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Tuesday, January 25, 2011


With word having already been spread since last Fall that Justice Samuel Alito will opt out of attending tonight's State Of The Union, considering his clear violation of protocol and decorum expected from a sitting Supreme Court Justice as well as his childish actions in clear response to Obama's election, it's no surprise that the Right are once again going to bat for Alito as well as making a none to convincing case that a sitting President shouldn't question/warn of the far reaching implications of the "highest court in the land", especially in light of Scalia's own, and more recent, ethical infractions.

In the best of all possible worlds, the Supreme Court would decide as a group whether to attend or not and then unanimously follow through on that decision. Obviously, we don’t see a lot of unanimous decisions on the law from the court, but this question deserves some thought not just for this presidency but as a tradition. Roberts is right that the State of the Union has long since become a political pep rally, something that started long before Obama, and as the one ostensibly non-political and non-partisan branch of government, the captive presence of the Supreme Court among the partisan cheers is quite unseemly.

Here's the problem with this sort of logic - thinking that the Supreme Court is "non-partisan" and "non-political".

I'm not so naive to think that there are at least 3 liberal-leaning members on the SCOTUS, and the modern American Right would be wise to admit that the "activism" they so often decry has been more present in the SCOTUS over recent years, most widely recognized by the disastrous Citizen's United decision - which the above mentioned author tried none-to convincingly to minimize:

Last year, President Obama publicly upbraided the Supreme Court during his State of the Union speech for its Citizens United decision, claiming — incorrectly — that it reversed “a century of law.” In fact, it reversed the McCain-Feingold law that barred corporations from spending money on political advertising within a certain period of time before an election, not the “century of law” that barred corporations from donating to political candidates, which is still very much in place. Justice Samuel Alito knew the difference, which is why he shook his head and mouthed the words “not true,” which so offended Obama that the White House continued its ignorant attack on the Supreme Court for another few days rather than picking up the decision and reading it.

True, corporations have always been allowed to donate a "maximum" amount to political campaigns within a pre-determined time-frame, but that also disappeared with McCain/Feingold. Obama was right to question the decision - which fell clearly across partisan lines - but that only provided ammunition to further the specious and poorly structured claims of the Right that "The Fairness Doctrine" would be reinstated or that the Obama Administration intends on censoring "conservative speech". The only thing that Obama, the Left, and more than a handful of "centrist" and "independents" called for was "disclosure" - the ultimate victim of the Citizen's United case.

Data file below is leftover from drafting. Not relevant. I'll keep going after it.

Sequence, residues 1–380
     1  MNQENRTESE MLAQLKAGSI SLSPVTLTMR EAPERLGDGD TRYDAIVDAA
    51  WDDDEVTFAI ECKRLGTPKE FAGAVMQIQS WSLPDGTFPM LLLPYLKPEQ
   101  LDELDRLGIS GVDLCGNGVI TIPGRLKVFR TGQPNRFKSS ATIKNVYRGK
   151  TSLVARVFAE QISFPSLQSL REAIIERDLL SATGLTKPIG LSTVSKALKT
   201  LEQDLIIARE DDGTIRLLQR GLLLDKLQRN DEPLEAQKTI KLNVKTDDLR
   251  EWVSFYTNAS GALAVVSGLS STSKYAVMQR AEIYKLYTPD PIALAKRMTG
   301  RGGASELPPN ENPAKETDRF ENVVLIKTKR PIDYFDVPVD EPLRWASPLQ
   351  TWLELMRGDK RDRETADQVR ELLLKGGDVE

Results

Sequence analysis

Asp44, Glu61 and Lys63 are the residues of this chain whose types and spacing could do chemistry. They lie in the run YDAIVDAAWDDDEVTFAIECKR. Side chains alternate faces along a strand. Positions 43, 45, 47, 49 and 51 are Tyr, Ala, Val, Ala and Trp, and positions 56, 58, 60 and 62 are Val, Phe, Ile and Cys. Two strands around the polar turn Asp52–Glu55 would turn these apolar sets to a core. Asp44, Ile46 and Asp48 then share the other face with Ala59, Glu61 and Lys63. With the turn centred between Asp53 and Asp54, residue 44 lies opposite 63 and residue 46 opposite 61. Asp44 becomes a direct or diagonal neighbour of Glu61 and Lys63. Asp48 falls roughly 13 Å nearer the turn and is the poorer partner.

If Roberts can’t get unanimity, though, the members of the court who are in town at the appointed time of the SOTU should make an appearance. Having just the liberal judges show for Obama and then presumably just the conservative justices show for a Republican President would be even more unseemly. Having been the target of the White House political team after last year’s SOTU, Alito can certainly be excused. And perhaps the members of the court can at least agree that an explicit attack on one of their decisions by a President in a State of the Union speech in the future will result in the entire court walking out on the rest of the speech, in what would be the only rebuke that the court’s members can deliver in that setting.

And here's where the continuation of the "Right Wing as perpetual victim" meme comes full circle. The only problem is that Alito was not called out by name, as Obama warned against what were the systemic risks of such a decision to allow undisclosed donors and unchecked amounts to be donated to ANY political figure - it was a clearly non-partisan statement that should have given the Right as much pause at it did the Left. And while there were the equivalency arguments put forth by members of the Right - that labor unions ( read: evil, far-left, mafia types ) were granted unlimited donation status because of this decision - the money and power is clearly more tilted to corporations with an unhinged Right Wing directive.

The question is ultimately if the SCOTUS should be present during a State of the Union speech. Naturally, and what should be clear to anyone within the modern American Right, is that it has always been about presenting the prime directives, initiatives, and successes of the administration in power, so having what should be a "non-partisan"/"non-political" judicial body present makes no sense at all, regardless of who occupies the White House. To me, it has always seemed like a contest of who can be the most stone-faced during the speech. Alito failed in that venture last year and was the sole person responsible for injecting himself into the debate over Citizen's United - NOT Barack Obama.

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